- Special Reports
- Maps & Data
- 2015 In Review
- Dear Abby
- Games & Puzzles
- Events & Exhibits
- Food & Drink
- Arts & Music
- Movies & TV
Groton — Town councilors toured the former Noank School Monday to determine if the building is salvageable, and three neighbors who want to turn the property into a community garden applied for nonprofit status.
Robert Palm, one of three who applied as "Noank School Public Gardens," said the group hopes to create a volunteer organization that could build a community garden and beautify the school grounds.
"After a long, cold winter, we are now going to start knocking on doors and getting signatures, not only for people who support this idea but those willing to roll up their sleeves and volunteer," Palm said. Clint Wright, a blacksmith at the Noank Foundry, and Timothy McDowell, an art professor at Connecticut College, are also working on the effort.
It's unknown whether the school building — built in 1949 and closed in 2007 — will remain. When councilors toured the school Monday, they found large classrooms, a library and gymnasium, but also roof leafs, missing handrails, broken windows and floor tiles popped up by the cold. The building is not heated and the boiler is broken.
Mayor Rita Schmidt said councilors would have to figure out whether it would cost more to fix the school than tear it down.
Councilor Bob Frink said it was beyond repair.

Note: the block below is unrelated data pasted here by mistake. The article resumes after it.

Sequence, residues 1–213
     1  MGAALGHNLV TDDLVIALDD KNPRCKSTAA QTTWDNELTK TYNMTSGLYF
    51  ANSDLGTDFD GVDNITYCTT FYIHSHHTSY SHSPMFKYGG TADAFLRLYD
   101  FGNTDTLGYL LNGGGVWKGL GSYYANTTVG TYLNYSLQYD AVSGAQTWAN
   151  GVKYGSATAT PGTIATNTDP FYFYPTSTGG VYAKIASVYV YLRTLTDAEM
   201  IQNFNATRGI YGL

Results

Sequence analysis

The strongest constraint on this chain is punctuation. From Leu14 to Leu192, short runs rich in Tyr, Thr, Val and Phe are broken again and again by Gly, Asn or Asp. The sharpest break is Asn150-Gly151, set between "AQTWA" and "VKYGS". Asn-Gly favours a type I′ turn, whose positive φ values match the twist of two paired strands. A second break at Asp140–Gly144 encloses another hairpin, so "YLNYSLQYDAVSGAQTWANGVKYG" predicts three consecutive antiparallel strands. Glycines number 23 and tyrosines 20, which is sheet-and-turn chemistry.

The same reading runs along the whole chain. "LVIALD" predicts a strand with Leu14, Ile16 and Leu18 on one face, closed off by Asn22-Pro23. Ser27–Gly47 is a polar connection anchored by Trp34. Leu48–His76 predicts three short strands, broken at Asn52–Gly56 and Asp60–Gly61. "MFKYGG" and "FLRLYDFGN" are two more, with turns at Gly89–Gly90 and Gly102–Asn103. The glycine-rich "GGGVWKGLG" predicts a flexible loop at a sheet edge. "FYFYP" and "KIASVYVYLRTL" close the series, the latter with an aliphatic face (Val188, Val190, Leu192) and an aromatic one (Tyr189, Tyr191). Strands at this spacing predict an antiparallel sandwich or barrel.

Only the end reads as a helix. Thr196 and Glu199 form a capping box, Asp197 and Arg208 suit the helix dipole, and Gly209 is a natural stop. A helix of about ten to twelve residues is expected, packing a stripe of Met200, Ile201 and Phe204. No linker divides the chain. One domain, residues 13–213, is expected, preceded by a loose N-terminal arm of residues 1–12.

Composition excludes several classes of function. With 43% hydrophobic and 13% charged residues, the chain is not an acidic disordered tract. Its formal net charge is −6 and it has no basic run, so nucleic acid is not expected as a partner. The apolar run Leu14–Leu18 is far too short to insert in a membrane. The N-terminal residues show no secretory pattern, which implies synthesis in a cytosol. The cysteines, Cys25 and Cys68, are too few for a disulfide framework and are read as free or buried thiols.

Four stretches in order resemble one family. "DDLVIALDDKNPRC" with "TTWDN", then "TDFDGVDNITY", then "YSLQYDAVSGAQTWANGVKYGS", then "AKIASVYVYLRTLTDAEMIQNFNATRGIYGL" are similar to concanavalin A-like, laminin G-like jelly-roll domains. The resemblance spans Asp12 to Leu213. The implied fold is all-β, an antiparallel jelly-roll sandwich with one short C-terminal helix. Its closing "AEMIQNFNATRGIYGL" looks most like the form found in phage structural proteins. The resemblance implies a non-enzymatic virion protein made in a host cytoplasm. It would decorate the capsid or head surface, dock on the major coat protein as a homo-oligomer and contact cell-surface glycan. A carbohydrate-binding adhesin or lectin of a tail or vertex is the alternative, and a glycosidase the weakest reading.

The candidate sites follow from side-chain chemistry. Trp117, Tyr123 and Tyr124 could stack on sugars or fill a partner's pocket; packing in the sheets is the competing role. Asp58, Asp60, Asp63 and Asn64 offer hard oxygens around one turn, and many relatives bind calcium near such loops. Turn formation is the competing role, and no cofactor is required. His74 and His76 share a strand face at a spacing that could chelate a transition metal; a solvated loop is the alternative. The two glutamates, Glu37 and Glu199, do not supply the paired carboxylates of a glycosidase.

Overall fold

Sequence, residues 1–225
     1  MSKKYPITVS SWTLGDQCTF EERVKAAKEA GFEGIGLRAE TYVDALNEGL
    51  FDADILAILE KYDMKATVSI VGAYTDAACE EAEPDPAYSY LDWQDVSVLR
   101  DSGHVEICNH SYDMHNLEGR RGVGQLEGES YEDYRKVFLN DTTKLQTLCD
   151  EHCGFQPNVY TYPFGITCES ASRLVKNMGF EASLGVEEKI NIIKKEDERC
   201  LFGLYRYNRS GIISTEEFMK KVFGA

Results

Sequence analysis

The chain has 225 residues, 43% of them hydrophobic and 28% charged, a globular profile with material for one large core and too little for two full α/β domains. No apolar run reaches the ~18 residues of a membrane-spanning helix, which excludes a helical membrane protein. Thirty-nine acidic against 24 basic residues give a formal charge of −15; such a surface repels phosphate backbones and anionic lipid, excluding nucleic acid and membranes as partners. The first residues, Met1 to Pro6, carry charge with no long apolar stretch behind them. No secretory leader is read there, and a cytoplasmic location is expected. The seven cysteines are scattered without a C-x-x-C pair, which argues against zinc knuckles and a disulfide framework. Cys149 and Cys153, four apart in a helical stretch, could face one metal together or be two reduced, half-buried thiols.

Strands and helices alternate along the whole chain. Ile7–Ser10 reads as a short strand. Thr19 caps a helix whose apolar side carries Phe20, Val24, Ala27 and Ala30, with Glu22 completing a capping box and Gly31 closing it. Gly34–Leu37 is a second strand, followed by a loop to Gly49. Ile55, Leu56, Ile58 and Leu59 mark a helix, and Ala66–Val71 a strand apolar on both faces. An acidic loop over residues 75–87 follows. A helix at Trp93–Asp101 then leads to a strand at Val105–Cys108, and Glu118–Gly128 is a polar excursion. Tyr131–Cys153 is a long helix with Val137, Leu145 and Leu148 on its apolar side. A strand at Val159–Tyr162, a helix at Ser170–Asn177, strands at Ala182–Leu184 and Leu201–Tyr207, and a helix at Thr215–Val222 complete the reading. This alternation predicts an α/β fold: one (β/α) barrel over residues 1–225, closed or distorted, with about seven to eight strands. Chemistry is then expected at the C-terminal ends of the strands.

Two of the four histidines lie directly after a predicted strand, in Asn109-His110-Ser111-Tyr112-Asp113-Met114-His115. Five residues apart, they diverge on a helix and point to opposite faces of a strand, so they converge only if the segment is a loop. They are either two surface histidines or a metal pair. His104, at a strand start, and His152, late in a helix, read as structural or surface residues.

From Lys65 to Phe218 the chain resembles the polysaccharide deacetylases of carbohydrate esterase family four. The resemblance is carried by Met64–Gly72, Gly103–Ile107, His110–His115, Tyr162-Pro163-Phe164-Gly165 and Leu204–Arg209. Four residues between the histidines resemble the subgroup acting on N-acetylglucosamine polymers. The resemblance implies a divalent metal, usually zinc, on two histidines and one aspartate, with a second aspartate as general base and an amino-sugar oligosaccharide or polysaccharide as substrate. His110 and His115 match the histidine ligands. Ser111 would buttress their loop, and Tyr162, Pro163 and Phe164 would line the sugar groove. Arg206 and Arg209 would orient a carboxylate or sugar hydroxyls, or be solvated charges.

"I don't think this one's reusable in my mind," he said. "For anything."
Elizabeth Nado, the business mentor for the Fitch High School Robotics team, attended the tour to see if the team could use space in the school.
"I don't think this is going to work for us," she said afterward.
The gardening idea is expected to be presented to the council within the next several weeks. Initial plans would turn the east lawn — about 40 yards wide and 100 yards long — into a series of garden plots that people could farm. The west side of the property would become an orchard with beehives. The south side could be planted with wildflowers or lavender, with a bridge possibly built over a wetland pond.
Paths could be made of oyster shells, and benches installed for people to rest. The hill that children sled on during winter would remain, and the group would preserve a field big enough to play soccer.
Two years ago, Noank Fire District taxpayers voted to negotiate with the town over a long-term lease of the building, but the council declined, saying the district didn't have an adequate financing plan.
Then last April, the council voted to appropriate $370,000 to raze the building and remove an underground fuel tank. The Representative Town Meeting later reversed the decision.